An illegal immigrant who works hard to provide for his teenage son finds himself struggling to protect him from the influence of LA gangs. A strongly conceived and compelling drama that's puts a human face on a complicated and contentious issue. A bit tidy perhaps, but thoroughly engaging and even moving. Demian Bichir's performance is aces.
This could have been a decent film if it was only about the father and his hardships and interactions - although even those were ridiculous at times. Who leaves their keys in the car when it's your life and you have a complete stranger with you? Every scene with the son or gang members made me cringe from bad dialogue and even worse acting. Good direction and a good performance from Bichir helps, but not enough.
Meh, the struggling life of an ilegal immigrant working to give a better life to his only "americanized" son. At the end we can conclude that half of the film was about the "intense" pursuit of a truck.
Somewhere between the goopy, head-patting problem-film-isms of the dread Stanley Kramer and the indelible neo-neorealism of the Dardennes lies this by turns genuinely moving and transparently oversimplified, sheltered-liberal-gringo-flattering piece of work.
I chose to watch it due to the Oscar nomination of the protagonist and indeed I saw a very powerful performance of this stoic and dignified Mexican immigrant in the USA trying to provide a better life for his son. However, outside this noteable performance the film is both predictable and full of clichés and thus will quickly be forgotten.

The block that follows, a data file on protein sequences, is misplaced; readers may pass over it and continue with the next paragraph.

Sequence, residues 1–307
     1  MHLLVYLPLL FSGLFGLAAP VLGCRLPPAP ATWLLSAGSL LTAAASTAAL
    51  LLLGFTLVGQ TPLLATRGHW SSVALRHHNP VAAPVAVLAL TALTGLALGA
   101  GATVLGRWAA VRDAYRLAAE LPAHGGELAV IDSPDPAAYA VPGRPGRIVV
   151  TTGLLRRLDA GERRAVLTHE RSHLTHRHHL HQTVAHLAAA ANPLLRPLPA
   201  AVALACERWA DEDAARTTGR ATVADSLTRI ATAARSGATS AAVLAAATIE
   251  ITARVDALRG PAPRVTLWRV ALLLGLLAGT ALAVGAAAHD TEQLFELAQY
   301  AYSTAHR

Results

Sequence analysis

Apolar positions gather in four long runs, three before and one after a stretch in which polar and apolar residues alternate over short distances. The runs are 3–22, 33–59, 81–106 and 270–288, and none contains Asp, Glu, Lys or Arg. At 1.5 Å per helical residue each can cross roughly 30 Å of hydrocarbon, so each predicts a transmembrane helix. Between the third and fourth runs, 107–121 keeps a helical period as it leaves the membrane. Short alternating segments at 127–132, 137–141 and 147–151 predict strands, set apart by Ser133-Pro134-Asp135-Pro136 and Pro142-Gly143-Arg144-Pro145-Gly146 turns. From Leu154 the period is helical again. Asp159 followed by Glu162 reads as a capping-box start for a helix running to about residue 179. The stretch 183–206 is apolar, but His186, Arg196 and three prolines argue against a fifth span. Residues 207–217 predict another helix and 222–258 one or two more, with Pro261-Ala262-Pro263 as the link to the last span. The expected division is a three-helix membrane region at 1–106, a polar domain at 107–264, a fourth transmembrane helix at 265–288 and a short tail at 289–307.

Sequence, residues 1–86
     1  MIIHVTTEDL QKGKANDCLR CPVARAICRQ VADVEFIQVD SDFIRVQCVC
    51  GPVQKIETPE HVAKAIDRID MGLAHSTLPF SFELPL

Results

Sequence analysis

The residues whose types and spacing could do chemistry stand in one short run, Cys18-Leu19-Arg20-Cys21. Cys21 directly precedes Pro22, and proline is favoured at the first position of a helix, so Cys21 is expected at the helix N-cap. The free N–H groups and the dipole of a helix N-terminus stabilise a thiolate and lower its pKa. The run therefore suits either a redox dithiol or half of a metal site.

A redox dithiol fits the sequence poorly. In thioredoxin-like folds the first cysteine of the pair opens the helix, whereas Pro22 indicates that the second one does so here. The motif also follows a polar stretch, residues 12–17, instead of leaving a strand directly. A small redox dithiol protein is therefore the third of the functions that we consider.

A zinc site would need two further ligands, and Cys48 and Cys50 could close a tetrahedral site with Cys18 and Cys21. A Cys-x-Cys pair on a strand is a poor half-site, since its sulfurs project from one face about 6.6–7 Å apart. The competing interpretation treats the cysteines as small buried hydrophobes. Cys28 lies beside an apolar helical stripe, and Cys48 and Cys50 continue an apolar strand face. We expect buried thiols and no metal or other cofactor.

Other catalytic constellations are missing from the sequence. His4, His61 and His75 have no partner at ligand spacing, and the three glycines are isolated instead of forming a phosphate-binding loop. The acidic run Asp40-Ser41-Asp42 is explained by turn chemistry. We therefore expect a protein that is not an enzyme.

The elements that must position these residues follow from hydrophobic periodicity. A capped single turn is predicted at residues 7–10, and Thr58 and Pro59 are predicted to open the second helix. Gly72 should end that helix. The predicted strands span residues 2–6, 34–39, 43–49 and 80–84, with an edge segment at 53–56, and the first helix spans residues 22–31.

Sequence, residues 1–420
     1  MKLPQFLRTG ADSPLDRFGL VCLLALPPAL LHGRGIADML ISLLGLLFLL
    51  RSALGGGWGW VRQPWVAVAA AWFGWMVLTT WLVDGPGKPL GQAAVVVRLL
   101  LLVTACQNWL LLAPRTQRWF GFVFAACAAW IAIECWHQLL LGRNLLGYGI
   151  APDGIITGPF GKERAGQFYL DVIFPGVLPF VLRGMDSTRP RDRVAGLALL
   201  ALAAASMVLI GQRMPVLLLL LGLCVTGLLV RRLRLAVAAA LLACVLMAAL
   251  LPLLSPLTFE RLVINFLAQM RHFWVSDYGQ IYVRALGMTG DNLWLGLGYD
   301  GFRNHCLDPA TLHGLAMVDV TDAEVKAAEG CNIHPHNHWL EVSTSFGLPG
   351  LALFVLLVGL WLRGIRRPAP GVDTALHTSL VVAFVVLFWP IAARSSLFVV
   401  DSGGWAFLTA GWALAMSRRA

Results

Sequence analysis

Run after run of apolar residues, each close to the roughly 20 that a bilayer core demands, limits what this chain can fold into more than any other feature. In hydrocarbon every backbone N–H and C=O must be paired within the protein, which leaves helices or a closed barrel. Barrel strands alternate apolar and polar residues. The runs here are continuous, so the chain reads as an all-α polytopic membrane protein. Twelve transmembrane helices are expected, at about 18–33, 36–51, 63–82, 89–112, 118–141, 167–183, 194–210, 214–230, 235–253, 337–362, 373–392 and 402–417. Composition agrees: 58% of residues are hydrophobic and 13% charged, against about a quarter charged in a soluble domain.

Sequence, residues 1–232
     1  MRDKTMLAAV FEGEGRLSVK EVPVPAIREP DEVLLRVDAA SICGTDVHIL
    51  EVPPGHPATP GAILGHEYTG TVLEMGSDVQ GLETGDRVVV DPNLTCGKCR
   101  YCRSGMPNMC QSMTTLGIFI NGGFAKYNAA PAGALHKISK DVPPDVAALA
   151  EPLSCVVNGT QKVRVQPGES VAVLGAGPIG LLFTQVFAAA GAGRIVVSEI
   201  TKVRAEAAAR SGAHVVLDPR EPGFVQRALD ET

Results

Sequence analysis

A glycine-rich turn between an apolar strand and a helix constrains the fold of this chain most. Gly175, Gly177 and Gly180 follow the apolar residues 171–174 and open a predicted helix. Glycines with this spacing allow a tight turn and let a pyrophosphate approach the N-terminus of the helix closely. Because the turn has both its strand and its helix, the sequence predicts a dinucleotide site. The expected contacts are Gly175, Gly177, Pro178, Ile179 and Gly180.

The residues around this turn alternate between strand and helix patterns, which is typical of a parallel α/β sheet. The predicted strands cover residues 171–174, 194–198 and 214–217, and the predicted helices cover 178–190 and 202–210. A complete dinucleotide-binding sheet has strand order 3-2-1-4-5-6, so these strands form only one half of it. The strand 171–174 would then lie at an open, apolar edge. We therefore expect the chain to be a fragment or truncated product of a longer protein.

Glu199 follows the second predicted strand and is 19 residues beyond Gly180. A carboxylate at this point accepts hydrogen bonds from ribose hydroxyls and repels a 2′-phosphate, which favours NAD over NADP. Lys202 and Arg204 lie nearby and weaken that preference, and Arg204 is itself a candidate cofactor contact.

Not since Tokyo Story a film became pitch perfect in its depiction of raw human emotion. Minimalist direction without the trappings of conscious simplification and subtle notion of reality. Perhaps, one of the best "overlooked" films in the last 10 years. Demian Bichir is the real darkhorse to win the Oscar for Best male lead.
A well made, affecting movie about a parent's love and a child's reluctant recognition of that love. Modeled loosely, it seems, on the classic "The Bicycle Thief", "A Better Life" is solidly modern, addressing issues and concerns of our time while maintaining timeless relevance to the human condition.